IDEAS home Printed from https://ideas.repec.org/p/upf/upfgen/1196.html
   My bibliography  Save this paper

Proving the performance of a new revenue management system

Author

Listed:

Abstract

Revenue management (RM) is a complicated business process that can best be described as control of sales (using prices, restrictions, or capacity), usually using software as a tool to aid decisions. RM software can play a mere informative role, supplying analysts with formatted and summarized data who use it to make control decisions (setting a price or allocating capacity for a price point), or, play a deeper role, automating the decisions process completely, at the other extreme. The RM models and algorithms in the academic literature by and large concentrate on the latter, completely automated, level of functionality. A firm considering using a new RM model or RM system needs to evaluate its performance. Academic papers justify the performance of their models using simulations, where customer booking requests are simulated according to some process and model, and the revenue perfor- mance of the algorithm compared to an alternate set of algorithms. Such simulations, while an accepted part of the academic literature, and indeed providing research insight, often lack credibility with management. Even methodologically, they are usually awed, as the simula- tions only test \within-model" performance, and say nothing as to the appropriateness of the model in the first place. Even simulations that test against alternate models or competition are limited by their inherent necessity on fixing some model as the universe for their testing. These problems are exacerbated with RM models that attempt to model customer purchase behav- ior or competition, as the right models for competitive actions or customer purchases remain somewhat of a mystery, or at least with no consensus on their validity. How then to validate a model? Putting it another way, we want to show that a particular model or algorithm is the cause of a certain improvement to the RM process compared to the existing process. We take care to emphasize that we want to prove the said model as the cause of performance, and to compare against a (incumbent) process rather than against an alternate model. In this paper we describe a \live" testing experiment that we conducted at Iberia Airlines on a set of flights. A set of competing algorithms control a set of flights during adjacent weeks, and their behavior and results are observed over a relatively long period of time (9 months). In parallel, a group of control flights were managed using the traditional mix of manual and algorithmic control (incumbent system). Such \sandbox" testing, while common at many large internet search and e-commerce companies is relatively rare in the revenue management area. Sandbox testing has an undisputable model of customer behavior but the experimental design and analysis of results is less clear. In this paper we describe the philosophy behind the experiment, the organizational challenges, the design and setup of the experiment, and outline the analysis of the results. This paper is a complement to a (more technical) related paper that describes the econometrics and statistical analysis of the results.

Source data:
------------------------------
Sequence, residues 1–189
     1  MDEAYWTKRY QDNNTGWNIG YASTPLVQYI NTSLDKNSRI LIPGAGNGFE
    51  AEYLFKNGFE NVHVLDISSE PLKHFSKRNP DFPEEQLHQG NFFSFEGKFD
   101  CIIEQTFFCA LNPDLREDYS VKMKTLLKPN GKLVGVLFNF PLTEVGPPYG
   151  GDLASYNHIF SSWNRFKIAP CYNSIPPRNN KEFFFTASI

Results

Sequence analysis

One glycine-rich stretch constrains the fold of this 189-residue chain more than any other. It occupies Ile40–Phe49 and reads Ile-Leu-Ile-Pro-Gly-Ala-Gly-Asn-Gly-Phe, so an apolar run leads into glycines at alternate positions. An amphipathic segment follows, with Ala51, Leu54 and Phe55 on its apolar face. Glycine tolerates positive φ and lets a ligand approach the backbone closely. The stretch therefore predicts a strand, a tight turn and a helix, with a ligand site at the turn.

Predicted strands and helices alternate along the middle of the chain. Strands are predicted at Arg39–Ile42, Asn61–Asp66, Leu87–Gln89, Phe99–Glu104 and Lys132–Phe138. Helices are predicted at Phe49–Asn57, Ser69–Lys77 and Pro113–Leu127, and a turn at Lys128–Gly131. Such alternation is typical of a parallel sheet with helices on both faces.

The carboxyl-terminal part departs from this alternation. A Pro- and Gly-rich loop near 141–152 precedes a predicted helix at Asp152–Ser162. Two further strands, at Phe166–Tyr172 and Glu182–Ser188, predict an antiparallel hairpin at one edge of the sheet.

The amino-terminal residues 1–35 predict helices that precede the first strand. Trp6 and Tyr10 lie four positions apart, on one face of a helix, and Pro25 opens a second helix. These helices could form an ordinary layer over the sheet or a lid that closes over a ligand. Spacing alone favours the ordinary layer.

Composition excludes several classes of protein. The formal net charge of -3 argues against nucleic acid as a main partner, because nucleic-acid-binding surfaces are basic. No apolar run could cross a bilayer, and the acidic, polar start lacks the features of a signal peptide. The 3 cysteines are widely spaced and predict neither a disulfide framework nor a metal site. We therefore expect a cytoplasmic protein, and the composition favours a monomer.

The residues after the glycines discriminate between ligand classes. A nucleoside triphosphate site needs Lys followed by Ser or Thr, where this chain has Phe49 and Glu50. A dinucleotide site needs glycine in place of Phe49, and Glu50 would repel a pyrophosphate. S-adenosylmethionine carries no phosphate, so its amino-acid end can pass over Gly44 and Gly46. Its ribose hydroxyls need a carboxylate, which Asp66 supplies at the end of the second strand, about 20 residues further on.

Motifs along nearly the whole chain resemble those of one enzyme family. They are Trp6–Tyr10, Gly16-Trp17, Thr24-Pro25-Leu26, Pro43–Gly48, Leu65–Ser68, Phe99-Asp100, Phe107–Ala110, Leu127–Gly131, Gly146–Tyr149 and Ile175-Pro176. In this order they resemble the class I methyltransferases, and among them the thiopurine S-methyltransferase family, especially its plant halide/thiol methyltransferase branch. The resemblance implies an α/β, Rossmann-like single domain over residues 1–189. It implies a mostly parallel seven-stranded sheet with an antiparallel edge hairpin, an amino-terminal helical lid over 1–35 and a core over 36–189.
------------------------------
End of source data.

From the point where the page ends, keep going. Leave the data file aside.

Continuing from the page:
Suggested Citation

  • Kalyan Talluri & Fernando Castejon & Begoña Codina & Juan Magaz, 2009. "Proving the performance of a new revenue management system," Economics Working Papers 1196, Department of Economics and Business, Universitat Pompeu Fabra, revised Jan 2010.
  • Handle: RePEc:upf:upfgen:1196
    as

    Download full text from publisher

    File URL: https://econ-papers.upf.edu/papers/1196.pdf
    File Function: Whole Paper
    Download Restriction: no

    More about this item

    Keywords

    Revenue management; airlines; sandbox testing; econometric analysis.;

    JEL classification:

    • M11 - Business Administration and Business Economics; Marketing; Accounting; Personnel Economics - - Business Administration - - - Production Management
    • M31 - Business Administration and Business Economics; Marketing; Accounting; Personnel Economics - - Marketing and Advertising - - - Marketing
    • L93 - Industrial Organization - - Industry Studies: Transportation and Utilities - - - Air Transportation

    NEP fields

    This paper has been announced in the following NEP Reports:

    Statistics

    Access and download statistics

    Corrections

    All material on this site has been provided by the respective publishers and authors. You can help correct errors and omissions. When requesting a correction, please mention this item's handle: RePEc:upf:upfgen:1196. See general information about how to correct material in RePEc.

    For technical questions regarding this item, or to correct its authors, title, abstract, bibliographic or download information, contact: (). General contact details of provider: http://www.econ.upf.edu/ .

    If you have authored this item and are not yet registered with RePEc, we encourage you to do it here. This allows to link your profile to this item. It also allows you to accept potential citations to this item that we are uncertain about.

    We have no references for this item. You can help adding them by using this form .

    If you know of missing items citing this one, you can help us creating those links by adding the relevant references in the same way as above, for each refering item. If you are a registered author of this item, you may also want to check the "citations" tab in your RePEc Author Service profile, as there may be some citations waiting for confirmation.

    Please note that corrections may take a couple of weeks to filter through the various RePEc services.

    IDEAS is a RePEc service hosted by the Research Division of the Federal Reserve Bank of St. Louis . RePEc uses bibliographic data supplied by the respective publishers.